After use, the cotton shirts and gloves were dried at room temperature, packed carefully to prevent cross-contamination, and stored at −20°C. Under this approach (which was adopted for practical reasons), considerable losses of volatile (i.e., low molecular weight) PAHs could not be avoided. Therefore, only analytical results for benzo[e]pyrene and higher were considered valid.

For sample preparation, a standardized punch (diameter 35 mm, Hoffmann SE, Germany) was used. For example, an area of 9.6 cm2 was punched out of the gloves both at predefined points and at certain hotspots that were visibly contaminated by soot (Figure 1) and analyzed for PAHs as previously described (23). In brief, the cotton pieces were first weighed to take varying fabric thicknesses and seams into account. Then, the samples were mixed with 2.5 mL of acetonitrile/methanol (60/40 v/v), treated for 60 min in an ultrasonic bath, and shaken on a laboratory shaker. The filtered extracts (PTFE) were finally analyzed using high-performance liquid chromatography coupled with diode array and fluorescence detection (HPLC/DAD-FLD). Concentrations of 16 PAHs from the US Environmental Protection Agency (EPA) list, plus benzo[e]pyrene, were determined (24). Naphthalene, acenaphthylene, and acenaphthene were detected by DAD; the other compounds were detected by FLD. The coefficient of variation was < 5%. Analytical results are presented in ng/g fabric.


Figure 1. Standardized punch areas on the cotton gloves of the left (a, b) and right (c, d) hands. The black circles represent pre-selected punch sites defined prior to starting the study; the red circles represent post-selected punch sites with potential additional exposure hotspots, characterized by visible contamination with soot. Please note that the “darkness” of the stain is not a proxy for PAH contamination (see “Results”).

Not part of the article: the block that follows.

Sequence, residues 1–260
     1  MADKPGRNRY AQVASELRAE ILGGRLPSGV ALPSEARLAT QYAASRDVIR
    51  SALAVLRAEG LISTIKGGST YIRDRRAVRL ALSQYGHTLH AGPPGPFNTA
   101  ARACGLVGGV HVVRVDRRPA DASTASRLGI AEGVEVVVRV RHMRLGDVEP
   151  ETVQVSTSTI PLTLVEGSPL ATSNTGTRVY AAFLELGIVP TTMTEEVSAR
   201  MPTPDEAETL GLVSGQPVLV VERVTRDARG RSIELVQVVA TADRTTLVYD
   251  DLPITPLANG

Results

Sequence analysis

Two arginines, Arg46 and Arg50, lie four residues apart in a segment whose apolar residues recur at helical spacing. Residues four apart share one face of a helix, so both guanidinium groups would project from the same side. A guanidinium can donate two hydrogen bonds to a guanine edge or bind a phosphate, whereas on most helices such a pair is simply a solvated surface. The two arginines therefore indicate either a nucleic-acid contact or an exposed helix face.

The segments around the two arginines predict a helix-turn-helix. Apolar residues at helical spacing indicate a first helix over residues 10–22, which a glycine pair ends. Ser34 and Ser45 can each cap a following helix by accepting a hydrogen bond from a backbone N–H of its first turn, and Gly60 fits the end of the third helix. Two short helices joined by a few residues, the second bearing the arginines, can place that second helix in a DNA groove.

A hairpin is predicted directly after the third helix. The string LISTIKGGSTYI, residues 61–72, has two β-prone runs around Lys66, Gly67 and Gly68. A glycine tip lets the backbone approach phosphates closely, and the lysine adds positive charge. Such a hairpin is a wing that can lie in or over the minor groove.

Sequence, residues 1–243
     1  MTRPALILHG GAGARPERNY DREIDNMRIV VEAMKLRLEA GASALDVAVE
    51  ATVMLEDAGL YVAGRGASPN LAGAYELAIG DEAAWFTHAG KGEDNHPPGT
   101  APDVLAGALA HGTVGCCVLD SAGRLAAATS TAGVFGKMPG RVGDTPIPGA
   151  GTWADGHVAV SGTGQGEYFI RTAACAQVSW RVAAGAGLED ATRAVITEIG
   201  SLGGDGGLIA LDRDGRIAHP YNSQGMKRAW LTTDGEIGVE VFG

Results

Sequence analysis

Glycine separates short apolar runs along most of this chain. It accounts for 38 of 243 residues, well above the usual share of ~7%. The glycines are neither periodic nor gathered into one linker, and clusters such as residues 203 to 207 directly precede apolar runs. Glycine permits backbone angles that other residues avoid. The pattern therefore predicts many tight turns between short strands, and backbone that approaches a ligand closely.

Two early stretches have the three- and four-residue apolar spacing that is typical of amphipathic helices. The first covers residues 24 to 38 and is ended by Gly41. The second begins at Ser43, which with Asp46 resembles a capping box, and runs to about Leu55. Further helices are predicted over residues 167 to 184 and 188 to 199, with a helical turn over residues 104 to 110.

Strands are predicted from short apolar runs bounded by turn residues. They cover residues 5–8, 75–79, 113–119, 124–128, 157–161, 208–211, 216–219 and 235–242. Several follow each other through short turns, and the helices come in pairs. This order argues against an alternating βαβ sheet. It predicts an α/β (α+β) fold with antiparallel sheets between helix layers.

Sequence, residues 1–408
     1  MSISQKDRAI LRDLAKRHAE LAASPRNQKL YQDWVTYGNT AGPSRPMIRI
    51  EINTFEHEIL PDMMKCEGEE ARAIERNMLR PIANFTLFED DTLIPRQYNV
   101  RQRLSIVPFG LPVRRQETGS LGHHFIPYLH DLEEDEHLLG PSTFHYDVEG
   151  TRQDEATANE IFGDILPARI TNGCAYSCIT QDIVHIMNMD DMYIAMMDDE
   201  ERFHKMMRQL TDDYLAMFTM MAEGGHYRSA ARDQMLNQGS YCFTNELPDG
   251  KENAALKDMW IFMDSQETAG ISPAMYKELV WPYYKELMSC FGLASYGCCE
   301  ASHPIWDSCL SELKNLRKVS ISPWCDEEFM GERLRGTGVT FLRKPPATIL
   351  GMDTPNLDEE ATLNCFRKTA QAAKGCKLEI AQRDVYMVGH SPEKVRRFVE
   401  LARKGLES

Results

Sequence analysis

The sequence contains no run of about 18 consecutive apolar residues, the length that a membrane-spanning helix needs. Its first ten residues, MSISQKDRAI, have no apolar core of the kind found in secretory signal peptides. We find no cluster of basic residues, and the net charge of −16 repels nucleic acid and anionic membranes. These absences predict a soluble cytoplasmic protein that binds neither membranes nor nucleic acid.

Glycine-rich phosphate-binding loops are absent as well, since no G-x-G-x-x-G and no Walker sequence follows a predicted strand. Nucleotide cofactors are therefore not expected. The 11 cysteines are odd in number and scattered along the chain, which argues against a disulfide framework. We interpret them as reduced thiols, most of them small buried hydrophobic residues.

2.5 Interpretation of cotton results

To interpret the PAH concentrations in the punched cotton pieces (EU), Regulation 2018/1513 was used (25). This regulation describes the current EU restrictions on the manufacture, sale, and use of selected carcinogens, mutagens, and reproductive toxicants (category 1A, 1B) in clothing and related accessories, including textiles and footwear. Currently, maximum values of 1 ppm (= 1 mg/kg = 1.000 ng/g) in new clothing materials are enforced for benz[a]anthracene, chrysene, benzo[e]pyrene, benzo[b]fluoranthene, benzo[j]fluoranthene, benzo[k]fluoranthene, benzo[a]pyrene (B[a]P), and dibenz[ah]anthracene.

2.6 Statistical analysis

Descriptive statistics were used to characterize 1-OHP concentrations at the four sample time points (baseline plus three post-event time points) and PAH measurements in the cotton samples. Because of the lack of normal distribution of the measurements, the median and the arithmetic mean, the minimum, and the maximum were calculated. Concentrations were plotted against time points for each participant. The non-parametric Wilcoxon matched-pairs signed-rank test was used to compare the median levels of 1-OHP occurring after the shift to those measured at baseline. The software package SAS version 9.4 (SAS Institute Inc, Cary, NC, USA), was used for analyses. For graphs, GraphPad Prism Version 9.5.0 (GraphPad Software, Boston, USA) was employed.